Tailgating All-Pros

Debra Darnall,
aka “The Bone Lady”

Age: 44

Residence: Lakewood

Day job: Decorative painter

Position: Ubiquitous cheerleader and Pro Football Hall of Fame “Ultimate Fan.” The Bone Lady arrives at the Muny Lot each week in her 1987 Volvo painted like a Cleveland Browns helmet topped with a giant dog bone. “I call it my traveling tribute,” she says. Darnall’s cotton candy-sized orange wig, outlandish dress and dog collar draw attention wherever she goes.

Rookie season: 1999

Tailgating advice: “Make plenty of friends who cook.” The Bone Lady doesn’t cook and she’s had to depend on the kindness of her tailgating friends who feed her at every game.

Career highlights: Honored as the 2001 Cleveland Browns Fan of the Year in the Visa Hall of Fans at Canton’s Pro Football Hall of Fame. “It was an incredible honor to be recognized, especially as a woman. I take it very seriously and I love the game.”

Roy Maxwell

Age: 58

Residence: Apple Creek, Ohio

Day job: Retired

Position: Brownie mascot and soup cook. As a gesture to former Browns owner Art Modell, Maxwell has donned a full brownie elf costume at every game since the team returned in 1999. Modell is credited with removing the elf logo from the Browns repertoire of logos when he bought the team in 1961. “I do it as a way of going against Modell’s wishes,” Maxwell says.

Rookie season: 1957

Tailgating advice: “Bring plenty of food. I like to cook for all my friends. Some of them I don’t even know their names, but I see them every Sunday and I make six gallons of soup so there’s enough for everyone. I like to make chili, bean soup and last year I tried a new one with ravioli and meatballs that was a big hit.”

Career highlights: “Getting my picture in the New York Times, twice. The first time was when I attended the Senate antitrust hearings in Washington, D.C. and the second time was, I think, in 1997 when the Browns were gone. When the Browns actually left, our group of tailgaters vowed to tailgate on opening day anyway. A photographer caught our picture banging on the doors of the old stadium at noon one Sunday.”

Tony “Mobile Dawg” Schaefer

Age: 54

Residence: Sandusky

Day job: General contractor

Position: Bus owner, advocate, feeder of the poor and all-around merry-maker. Schaefer brings a busload — usually about 20 people — of family and friends from the Sandusky area to the Muny Lot for every home game. He bought the old school bus in 1999, “for the return of the team,” for $3,000 and painted it into a brown and orange mobile party. When the Browns were leaving the city in 1995, Schaefer and a number of his crew traveled to an owners meeting in Atlanta to make their case for keeping the team in Cleveland.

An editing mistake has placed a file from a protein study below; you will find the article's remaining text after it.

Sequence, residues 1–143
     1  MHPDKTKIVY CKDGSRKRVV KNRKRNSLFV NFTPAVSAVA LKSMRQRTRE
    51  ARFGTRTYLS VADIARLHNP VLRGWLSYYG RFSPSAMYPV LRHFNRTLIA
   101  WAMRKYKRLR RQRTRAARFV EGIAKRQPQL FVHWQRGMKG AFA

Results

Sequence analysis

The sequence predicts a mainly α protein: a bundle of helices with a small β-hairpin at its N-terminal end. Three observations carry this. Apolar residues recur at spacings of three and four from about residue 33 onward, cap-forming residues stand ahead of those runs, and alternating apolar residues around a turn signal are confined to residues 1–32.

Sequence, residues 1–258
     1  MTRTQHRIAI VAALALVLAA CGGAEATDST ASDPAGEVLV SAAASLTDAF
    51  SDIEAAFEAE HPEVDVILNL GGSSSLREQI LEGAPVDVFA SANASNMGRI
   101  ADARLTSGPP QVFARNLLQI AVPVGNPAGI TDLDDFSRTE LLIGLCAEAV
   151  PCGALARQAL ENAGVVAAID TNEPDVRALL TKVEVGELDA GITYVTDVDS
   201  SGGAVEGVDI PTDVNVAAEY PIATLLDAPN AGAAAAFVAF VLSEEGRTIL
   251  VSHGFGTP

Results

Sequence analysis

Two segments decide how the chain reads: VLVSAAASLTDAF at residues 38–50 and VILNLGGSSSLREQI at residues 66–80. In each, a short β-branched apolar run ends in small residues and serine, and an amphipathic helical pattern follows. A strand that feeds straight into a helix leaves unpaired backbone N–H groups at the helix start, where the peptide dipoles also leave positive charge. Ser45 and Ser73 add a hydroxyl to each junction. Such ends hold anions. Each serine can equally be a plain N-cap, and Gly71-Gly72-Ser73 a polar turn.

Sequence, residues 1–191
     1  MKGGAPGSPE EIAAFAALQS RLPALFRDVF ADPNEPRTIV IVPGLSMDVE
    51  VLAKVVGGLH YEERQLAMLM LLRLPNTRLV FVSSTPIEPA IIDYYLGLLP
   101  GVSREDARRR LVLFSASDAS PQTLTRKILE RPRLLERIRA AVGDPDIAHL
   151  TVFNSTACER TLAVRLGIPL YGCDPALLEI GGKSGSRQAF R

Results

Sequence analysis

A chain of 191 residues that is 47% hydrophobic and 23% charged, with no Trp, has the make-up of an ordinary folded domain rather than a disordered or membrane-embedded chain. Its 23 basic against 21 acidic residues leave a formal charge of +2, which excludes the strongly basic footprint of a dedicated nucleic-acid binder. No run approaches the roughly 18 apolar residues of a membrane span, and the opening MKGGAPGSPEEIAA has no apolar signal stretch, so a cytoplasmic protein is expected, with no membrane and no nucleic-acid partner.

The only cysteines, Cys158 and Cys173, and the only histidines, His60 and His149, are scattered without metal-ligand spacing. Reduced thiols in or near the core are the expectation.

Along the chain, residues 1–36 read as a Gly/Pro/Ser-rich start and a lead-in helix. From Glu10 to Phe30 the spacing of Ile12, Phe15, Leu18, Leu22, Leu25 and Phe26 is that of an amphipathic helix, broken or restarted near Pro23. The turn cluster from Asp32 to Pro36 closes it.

Rookie season: 1984

Tailgating advice: “Get there early and bring a lot of food and a lot of beverages. Actually, put the beverages first on your list. Make sure you bring a happy face, too, because it’s all about the fun.” Schaefer usually brings enough food to feed 30 or more people. “Burgers and hot dogs are a mainstay but we always try to do one special item as well: sometimes ribs, chicken or steaks.”

Career highlights: Honored as the Cleveland Browns Fan of the Year in the Visa Hall of Fans at Canton’s Pro Football Hall of Fame in 2004. “It was unbelievable. I feel very privileged and honored to represent the Browns. All the winners from around the country have a banquet every year and it’s been great meeting so many other great fans, too.”

Tom Stroup

Age: 50

Residence: Marietta, Ga.

Day job: Manufacturers sales representative for Nioxin, a salon hair-care product.

Position: Dedicated fan who flies to Cleveland from Atlanta for nearly every Browns home game. Stroup, his wife, Barbara, daughter, Suzanne, and about 15 friends and family have been known to deep-fry just about anything, including turkey and beef tenderloin.

Rookie season: 1999

Tailgating advice: “Pick the right team to play with you. Every member of your party should add to the fun. Proper lubrication and picking a good tailgating spot also help.”

Career highlights: When both a coach and game official gave a game football to his 9-year-old daughter, Suzanne, in 2000. “We have seats in the first row of the end zone and we make it a habit to tease everyone who comes within shouting distance. That includes encouragement to our team members, disparaging comments to the players on the opposing team and a lot of good-natured razzing to the officials. We’ve gotten to know some of the officials and have a lot of fun with them. I don’t know why they gave Suzanne the football, I was pretty well into my own tailgating fun at the time, but it was really special for us.”

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